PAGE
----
From the dictionary, both pomelo and grapefruit are translated into die Pampelmuse.

Does German differentiate between a pomelo:

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and a grapefruit:

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How are pomelo and grapefruit being referred to in a German supermarket?

  • 6
    I (from S-W Germany) know "Pampelmuse" exclusively as a synonym for grapefruit. Pomelo is something different to me. Commented Jul 21, 2015 at 7:03
  • 2
    Somewhat related: Grapefruit vs. Pampelmuse Commented Jul 21, 2015 at 12:37
  • 1
    In supermarkets you can buy Pomelo and Grapefruit, so yes, in some places there's a distinction between the two. Commented Jul 22, 2015 at 9:12
  • I think the only one I can spontaneously recall calling a grapefruit "Pampelmuse" is my grandma ;) Commented Nov 20, 2017 at 13:18
  • 3
    I think that dictionary entry is wrong. Grapefruit and Pampelmuse can be considered synonyms in German, Pomelo is something different, at least in standard (non-biologist) language.
    – tofro
    Commented Dec 24, 2017 at 12:54

3 Answers 3


It depends whether you are asking as a biologist, or as a normal person.

Technical terminology

The Pampelmuse (C. Maxima) is the fruit by crossing of which oranges (C.sinensis), grapefruit (C paradisi) and pomelo were made. Biologists don't confuse them. But the pomelo is, biologically speaking, just a variety, so the biologist will call it a "Pampelmuse mit einem Erbanteil von Grapefruit". So, yes, the academic differentiates pomelo and grapefruit because pomelos contain more Pampelmuse than grapefruit and are classified as the former.

Common usage

My aunt (German) differentiates all of them. My mother's aunt only taught me "Pampelmuse". Until 12 years ago, I only used this word and thought it described both Pampelmuse and Grapefruit. I thought "grapefruit" was the English equivalent. Had I known the pomelo existed, I would surely have called it the same. This mistake seems common, because Wikipedia states:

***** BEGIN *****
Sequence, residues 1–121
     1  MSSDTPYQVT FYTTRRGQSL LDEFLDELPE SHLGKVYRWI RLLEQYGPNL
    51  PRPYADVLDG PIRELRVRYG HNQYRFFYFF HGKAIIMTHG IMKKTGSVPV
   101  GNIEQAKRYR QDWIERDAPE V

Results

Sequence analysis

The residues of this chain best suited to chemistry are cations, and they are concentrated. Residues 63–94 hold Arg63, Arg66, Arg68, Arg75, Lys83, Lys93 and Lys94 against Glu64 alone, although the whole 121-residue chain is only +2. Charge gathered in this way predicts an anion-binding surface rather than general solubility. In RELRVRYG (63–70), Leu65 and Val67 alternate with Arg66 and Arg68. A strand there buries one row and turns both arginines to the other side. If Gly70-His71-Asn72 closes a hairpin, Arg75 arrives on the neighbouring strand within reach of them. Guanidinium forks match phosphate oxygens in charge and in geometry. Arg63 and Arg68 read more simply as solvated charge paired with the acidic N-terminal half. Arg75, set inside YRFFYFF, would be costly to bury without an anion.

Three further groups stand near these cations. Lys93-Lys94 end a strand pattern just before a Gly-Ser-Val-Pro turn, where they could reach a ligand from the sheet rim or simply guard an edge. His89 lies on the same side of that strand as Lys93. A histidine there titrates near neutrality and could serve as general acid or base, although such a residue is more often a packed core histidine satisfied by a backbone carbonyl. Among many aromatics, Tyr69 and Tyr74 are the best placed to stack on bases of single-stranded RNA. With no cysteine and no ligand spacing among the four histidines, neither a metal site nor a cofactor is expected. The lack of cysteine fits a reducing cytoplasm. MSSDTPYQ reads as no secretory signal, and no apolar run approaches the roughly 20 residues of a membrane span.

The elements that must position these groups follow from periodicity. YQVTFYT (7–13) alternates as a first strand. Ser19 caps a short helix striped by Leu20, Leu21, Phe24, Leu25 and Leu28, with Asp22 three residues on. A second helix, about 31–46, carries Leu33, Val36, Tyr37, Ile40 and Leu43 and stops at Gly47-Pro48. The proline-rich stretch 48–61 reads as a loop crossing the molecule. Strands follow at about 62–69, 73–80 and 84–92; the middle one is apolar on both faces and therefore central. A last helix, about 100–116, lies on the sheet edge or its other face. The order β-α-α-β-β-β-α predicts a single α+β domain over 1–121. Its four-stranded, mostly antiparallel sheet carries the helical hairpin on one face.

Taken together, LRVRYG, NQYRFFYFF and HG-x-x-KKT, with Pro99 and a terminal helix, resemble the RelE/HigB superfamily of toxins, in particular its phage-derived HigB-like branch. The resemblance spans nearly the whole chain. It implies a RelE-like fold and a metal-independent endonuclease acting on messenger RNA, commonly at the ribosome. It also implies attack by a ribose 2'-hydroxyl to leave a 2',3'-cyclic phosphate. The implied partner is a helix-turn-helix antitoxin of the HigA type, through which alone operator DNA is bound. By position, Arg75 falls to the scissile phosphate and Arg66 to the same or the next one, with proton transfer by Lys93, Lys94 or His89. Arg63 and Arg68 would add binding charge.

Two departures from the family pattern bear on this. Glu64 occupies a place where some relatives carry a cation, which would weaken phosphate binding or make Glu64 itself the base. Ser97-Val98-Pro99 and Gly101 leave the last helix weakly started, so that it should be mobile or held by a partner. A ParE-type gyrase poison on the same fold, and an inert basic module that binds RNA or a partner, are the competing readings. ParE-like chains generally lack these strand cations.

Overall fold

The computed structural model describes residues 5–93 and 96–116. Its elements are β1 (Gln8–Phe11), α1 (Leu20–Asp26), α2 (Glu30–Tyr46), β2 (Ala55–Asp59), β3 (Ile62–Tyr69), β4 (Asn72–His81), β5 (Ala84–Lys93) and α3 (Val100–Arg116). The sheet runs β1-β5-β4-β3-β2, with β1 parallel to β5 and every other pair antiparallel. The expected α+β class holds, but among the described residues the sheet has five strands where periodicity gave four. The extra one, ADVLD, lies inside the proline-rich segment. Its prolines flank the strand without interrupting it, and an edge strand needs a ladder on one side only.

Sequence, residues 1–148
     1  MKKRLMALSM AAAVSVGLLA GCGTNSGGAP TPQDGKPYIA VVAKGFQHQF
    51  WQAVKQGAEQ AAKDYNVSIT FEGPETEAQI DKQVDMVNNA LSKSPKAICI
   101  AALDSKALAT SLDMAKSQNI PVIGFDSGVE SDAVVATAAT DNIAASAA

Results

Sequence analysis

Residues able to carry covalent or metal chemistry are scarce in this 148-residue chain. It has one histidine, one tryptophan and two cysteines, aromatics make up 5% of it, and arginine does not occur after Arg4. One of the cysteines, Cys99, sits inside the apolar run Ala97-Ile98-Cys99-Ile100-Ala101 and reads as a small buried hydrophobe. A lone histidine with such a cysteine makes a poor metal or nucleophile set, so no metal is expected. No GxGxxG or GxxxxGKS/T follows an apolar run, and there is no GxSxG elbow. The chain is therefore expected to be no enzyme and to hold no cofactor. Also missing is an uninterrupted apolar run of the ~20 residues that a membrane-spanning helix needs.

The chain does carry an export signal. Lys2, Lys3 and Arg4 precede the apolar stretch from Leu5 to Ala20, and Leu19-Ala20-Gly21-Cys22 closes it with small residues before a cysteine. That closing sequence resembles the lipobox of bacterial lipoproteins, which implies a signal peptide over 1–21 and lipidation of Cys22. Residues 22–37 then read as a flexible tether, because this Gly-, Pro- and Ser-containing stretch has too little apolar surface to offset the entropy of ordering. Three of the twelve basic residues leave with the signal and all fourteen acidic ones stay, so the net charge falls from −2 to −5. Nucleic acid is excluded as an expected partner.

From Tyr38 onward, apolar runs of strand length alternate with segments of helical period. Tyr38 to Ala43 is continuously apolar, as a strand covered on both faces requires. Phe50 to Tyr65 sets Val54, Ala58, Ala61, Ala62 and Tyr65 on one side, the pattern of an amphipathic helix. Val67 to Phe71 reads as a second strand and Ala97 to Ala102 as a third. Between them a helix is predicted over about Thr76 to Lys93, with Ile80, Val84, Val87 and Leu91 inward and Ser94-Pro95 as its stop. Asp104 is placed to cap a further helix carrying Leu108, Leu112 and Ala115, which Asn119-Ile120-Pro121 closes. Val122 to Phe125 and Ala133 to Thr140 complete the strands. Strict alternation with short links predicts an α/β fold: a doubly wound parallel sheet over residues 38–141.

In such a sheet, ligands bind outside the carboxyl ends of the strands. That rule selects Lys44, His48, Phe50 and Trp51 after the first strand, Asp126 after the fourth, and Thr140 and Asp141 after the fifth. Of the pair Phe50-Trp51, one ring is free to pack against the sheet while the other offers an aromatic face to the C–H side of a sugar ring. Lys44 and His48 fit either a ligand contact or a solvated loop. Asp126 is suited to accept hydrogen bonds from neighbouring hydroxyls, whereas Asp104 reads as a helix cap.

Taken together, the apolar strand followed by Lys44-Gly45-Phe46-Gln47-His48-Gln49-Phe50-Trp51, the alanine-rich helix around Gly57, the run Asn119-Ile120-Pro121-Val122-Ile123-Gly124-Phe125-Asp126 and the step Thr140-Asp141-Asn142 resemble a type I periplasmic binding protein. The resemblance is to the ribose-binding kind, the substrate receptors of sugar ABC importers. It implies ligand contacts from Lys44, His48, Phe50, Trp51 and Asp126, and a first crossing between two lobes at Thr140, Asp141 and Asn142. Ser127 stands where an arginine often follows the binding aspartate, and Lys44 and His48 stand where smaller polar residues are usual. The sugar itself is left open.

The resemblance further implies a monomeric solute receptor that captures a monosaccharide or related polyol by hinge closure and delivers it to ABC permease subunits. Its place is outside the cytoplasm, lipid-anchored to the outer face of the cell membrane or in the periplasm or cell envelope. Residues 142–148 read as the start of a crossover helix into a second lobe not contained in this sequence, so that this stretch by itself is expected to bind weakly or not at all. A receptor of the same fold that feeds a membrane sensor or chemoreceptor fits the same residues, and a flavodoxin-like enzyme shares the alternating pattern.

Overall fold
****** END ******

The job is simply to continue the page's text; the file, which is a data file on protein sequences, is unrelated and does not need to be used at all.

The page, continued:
Die Grapefruit (Citrus × aurantium, Syn. C. paradisi)1, selten auch Grapefrucht, Paradiesapfel oder Pampelmuse genannt...

I think that many Germans don't even know the pomelo exists. My educated guess is most people don't differentiate them and the word old, Northern German people know is Pampelmuse

Grapefruit through the ages

My initial feeling was that "grapefruit" had replaced "Pampelmuse" in everyday usage, but such a case could not be made from the ngram data, looking just at these two words. But adding the terminus "Pompelmuse", mentioned in the comments, produces the expected picture. Strictly speaking, even if the graph contains sufficient data -which I cannot assess - additional effort would have to be made to exclude cases where biologists use the terms carefully.

Ignoring the above statistical problems, the following is suggested by the Ngram data:

  1. Around 1800 "Pampelmuse" and "Pompelmuse" appear almost simultaneously, but the latter spelling initially dominates